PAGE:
Mission: To promote the appreciation of wildlife and increase harmony between humanity and nature.

On Instagram and Twitter: @unionbaywatch

Friday, July 21, 2017

Bittersweet

This week's post is dedicated to my younger brother, Brad Bowman (1967 - 2017).

Three years ago Brad, my son Nathan, and I hiked into Wolf Bar and spent a night beside the North Fork of the Quinault River in the Olympics. At the time, we were hoping my brother's health would recover enough to someday continue a week-long trek up the Quinault River over Low Divide and out along the Elwha RiverUnfortunately, Brad passed away this Spring before we got the chance.

Brad loved nature, family and photography. Those who knew Brad might think the previous sentence leaves out his love for animals and most specifically, his dogs. However, I am pretty sure Brad would have included his canine companions in the family category. You can see some of Brad's nature photos on Facebook.

Last week, accompanied by my friend Rob Thomas, we completed the Olympic hike my brother and I dreamed about. The air was crystal clear and the weather was perfect. Toward the end of the second full day of hiking we reached Low Divide. The elevation at the pass is around 3,600 feet - about 300 feet higher than Snoqualmie Pass. The surrounding peaks are above 6,000 feet. The cascading snowmelt creates this long, leaping waterfall - with a temperature only slightly above freezing.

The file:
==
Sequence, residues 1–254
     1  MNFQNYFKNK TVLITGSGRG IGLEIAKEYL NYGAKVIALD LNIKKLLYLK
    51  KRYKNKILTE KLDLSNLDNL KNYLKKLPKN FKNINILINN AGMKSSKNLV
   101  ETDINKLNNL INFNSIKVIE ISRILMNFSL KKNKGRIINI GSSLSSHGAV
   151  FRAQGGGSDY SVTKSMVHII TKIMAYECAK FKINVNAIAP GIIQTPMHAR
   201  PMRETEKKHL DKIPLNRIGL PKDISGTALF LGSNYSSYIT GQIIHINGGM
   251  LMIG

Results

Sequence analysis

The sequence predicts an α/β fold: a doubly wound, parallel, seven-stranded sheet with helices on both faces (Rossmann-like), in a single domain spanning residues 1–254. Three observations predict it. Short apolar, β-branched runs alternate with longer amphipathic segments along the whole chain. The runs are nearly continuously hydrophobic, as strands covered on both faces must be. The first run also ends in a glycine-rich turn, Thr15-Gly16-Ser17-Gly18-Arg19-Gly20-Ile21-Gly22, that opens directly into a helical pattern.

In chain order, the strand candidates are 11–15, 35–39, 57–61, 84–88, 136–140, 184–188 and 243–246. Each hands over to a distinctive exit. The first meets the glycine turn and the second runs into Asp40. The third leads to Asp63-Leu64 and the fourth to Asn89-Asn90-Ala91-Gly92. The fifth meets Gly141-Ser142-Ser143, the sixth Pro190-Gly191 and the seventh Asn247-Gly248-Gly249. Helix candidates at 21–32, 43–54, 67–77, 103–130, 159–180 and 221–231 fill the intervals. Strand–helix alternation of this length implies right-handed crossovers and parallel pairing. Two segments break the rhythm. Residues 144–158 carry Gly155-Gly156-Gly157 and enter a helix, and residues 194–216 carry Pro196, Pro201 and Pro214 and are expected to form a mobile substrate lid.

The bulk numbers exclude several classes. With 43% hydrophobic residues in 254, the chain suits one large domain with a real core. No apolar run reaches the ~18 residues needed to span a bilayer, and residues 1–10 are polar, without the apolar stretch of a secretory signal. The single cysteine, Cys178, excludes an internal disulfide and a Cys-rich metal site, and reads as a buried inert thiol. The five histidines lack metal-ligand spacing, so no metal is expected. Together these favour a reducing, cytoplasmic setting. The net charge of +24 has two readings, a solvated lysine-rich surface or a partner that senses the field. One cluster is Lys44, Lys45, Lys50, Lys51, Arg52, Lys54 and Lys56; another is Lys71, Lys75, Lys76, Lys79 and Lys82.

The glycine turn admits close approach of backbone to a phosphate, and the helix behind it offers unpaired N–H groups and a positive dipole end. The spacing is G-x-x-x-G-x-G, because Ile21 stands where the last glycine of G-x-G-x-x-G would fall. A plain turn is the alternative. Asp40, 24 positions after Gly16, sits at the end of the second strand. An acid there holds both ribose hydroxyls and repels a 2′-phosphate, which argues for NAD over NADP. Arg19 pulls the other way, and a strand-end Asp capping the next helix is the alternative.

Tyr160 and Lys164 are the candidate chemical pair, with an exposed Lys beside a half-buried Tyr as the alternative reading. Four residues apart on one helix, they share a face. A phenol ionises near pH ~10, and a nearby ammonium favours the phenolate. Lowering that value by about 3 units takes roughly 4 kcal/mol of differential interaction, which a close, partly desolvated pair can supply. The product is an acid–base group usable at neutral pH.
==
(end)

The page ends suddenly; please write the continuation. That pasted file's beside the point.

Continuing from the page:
The meadow at the pass was full of native flowers, like this red columbine.

The flowers of the glacier lilies were generally white with occasional pink blossoms.

The next morning I wandered the meadow at sunrise.

The white blossoms of the bear grass turned golden in the early morning light.

The indian paintbrush waited patiently for a native artist.

A thistle waited for warmth to inspire it to bloom.

This unknown flower, maybe a clematis, seemed to shiver in the shade hoping for early morning sunshine. Actually, I may have been the one doing the shivering.

Near camp, a young varied thrush waited for its parent to bring it food.

The adults were a bit more shy.

Nearby a hummingbird stretched in the morning sun.

As we left Low Divide, Rob and I passed the pristine waters of Lake Margaret. I suspect this was about the time we walked out of the Quinault watershed and into the north flowing watershed of the Elwha river. With three nights of camping both behind and in front of us, this mid-point in the hike is one of the more remote places in the Olympic National Park. It is interesting that the Olympic Mountains are one of the few 'radial' mountain ranges. The rivers running off of the Olympics radiate down and out in almost every possible direction.